Cooperative Automated Transportation (CAT)

Cooperative Automated Transportation

Roadway safety in a cooperative automated world

Highway automation is not years away, or even days away. It’s here now, causing a number of state transportation agencies to react with initiatives related to preparing and supporting Connected Automated Vehicles (CAVs) on U.S. roadways.


Connected and Automated Vehicles (CAVs)

Cooperative Automated Transportation (CAT) deals with CAVs, which are vehicles capable of driving on their own with limited or no human involvement in navigation and control. Per the definition adopted by the National Highway Traffic Safety Administration (NHTSA), there are six levels of automation (Levels 0-2: driver assistance and Levels 3-5: HAV), each of which requires its own specification and marketplace considerations.


Vehicle-to-Everything (V2X) and Connected and Automated Vehicles (CAVs)

For traffic safety, vehicle-to-everything communications is the wireless exchange of critical safety and operational data between vehicles and anything else. The "X" could be roadway infrastructure, other vehicles, roadway workers or other safety and communication devices. ATSSA members are at the forefront of these technologies, and are working with stakeholders across new industries to see these innovations come to life.


Sensor Technology

CAVs rely on three main groups of sensors: camera, radar, and Light Detection and Ranging (LIDAR). The camera sensors capture moving objects and the outlines of roadway devices to get speed and distance data. Short- and long-range radar sensors work to detect traffic from the front and the back of CAVs. LIDAR systems produce three-dimensional images of both moving and stationary objects.


For more information about ATSSA’s efforts on CAT and CAV’s and their interaction with our member products check out the resources below.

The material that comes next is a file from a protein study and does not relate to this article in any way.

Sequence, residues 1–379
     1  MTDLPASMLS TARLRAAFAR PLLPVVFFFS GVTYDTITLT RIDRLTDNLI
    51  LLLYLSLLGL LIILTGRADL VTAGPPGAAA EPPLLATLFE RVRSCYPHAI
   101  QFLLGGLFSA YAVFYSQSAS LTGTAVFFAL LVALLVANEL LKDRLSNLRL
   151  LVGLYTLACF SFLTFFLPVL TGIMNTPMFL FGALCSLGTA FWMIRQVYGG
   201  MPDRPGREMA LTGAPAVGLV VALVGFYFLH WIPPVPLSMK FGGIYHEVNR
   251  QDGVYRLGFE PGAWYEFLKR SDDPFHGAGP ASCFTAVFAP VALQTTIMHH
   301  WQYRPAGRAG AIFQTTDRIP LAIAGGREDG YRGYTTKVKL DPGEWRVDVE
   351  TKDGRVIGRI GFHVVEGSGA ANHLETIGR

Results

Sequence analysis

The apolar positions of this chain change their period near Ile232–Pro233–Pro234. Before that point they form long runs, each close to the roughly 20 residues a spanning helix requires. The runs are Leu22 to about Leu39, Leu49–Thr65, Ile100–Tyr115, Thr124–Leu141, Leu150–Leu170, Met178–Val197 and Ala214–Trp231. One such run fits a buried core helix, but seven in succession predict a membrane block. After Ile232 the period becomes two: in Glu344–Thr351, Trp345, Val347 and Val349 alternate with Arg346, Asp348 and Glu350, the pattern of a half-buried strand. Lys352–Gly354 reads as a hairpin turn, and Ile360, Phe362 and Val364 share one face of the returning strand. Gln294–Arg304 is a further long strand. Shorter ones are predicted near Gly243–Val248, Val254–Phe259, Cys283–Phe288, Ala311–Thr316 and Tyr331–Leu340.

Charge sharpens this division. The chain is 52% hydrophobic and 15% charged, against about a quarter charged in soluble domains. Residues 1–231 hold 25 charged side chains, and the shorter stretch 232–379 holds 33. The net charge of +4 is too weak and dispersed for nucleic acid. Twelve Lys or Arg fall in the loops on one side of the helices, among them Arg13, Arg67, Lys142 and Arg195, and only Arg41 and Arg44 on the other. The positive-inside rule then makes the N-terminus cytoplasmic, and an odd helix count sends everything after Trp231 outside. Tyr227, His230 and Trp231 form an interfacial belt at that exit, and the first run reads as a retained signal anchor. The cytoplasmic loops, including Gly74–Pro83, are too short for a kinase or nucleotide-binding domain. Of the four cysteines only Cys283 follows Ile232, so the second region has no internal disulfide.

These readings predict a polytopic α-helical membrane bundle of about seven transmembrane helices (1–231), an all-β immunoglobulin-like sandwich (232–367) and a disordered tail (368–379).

Resources

Engineering students can now apply to enter the 2019 Traffic Control Device Challenge

Engineering students can now apply to enter the 2019 Traffic Control Device Challenge

Traffic Control Device Challenge promotes roadway safety innovation

The American Traffic Safety Services Association (ATSSA) and the Transportation Research Board (TRB) Standing Committee on Traffic Control Devices (AHB50) have announced the launch of the 2019 Traffic Control Device (TCD) Challenge.

For three years, the TCD Challenge has offered students an opportunity to develop roadway safety solutions and promote the innovation of traffic control devices that can save lives.

“The Traffic Control Device Challenge is an important competition that ATSSA co-organizes because it provides a chance for future industry professionals to connect with our members, who represent a large portion of the roadway safety industry, and with transportation professionals at the TRB Annual Meeting,” said ATSSA Director of New Programs Brian Watson.

Applications are now available for the 2019 TCD Challenge.

The competition is open to individuals or teams of high school, junior college, and university students with an interest in transportation and traffic control devices. Students in relevant fields, including transportation, human factors, and graphic design-related areas are encouraged to participate.

Owen Hitchcock, a former Pennsylvania State University student who was on the first-place team for the 2017 and 2018 competitions, said participating in the TCD Challenge allowed he and his team members to come up with a solution to address a prevalent industry issue and exposed them to other problems occurring on U.S. roadways.

“Not only did I get to present the result of the team's hard work but hearing feedback from industry professionals was constructive and thought-provoking,” Hitchcock said. “From our discussions, I learned more about the industry needs and how our idea could be further improved. I also got to walk around the traffic expo to see all the innovative traffic control devices exhibitors brought to display.”

Click here to learn more about the 2018 winners.

A webinar will be held on May 8 to provide in-depth information on the TCD Challenge, the collaboration between ATSSA and TRB, why the competition is beneficial for the future of roadway safety and highlighting the winning teams and ideas from its first two years. The webinar is open to the public. To sign up for the webinar, click here.

The deadline to submit an application for the 2019 TCD Challenge is early October. For more information about how to apply, email TRB Engineer of Traffic and Operations Richard Cunard at rcunard@nas.edu.

Click here for more information about the 2019 TCD Challenge.

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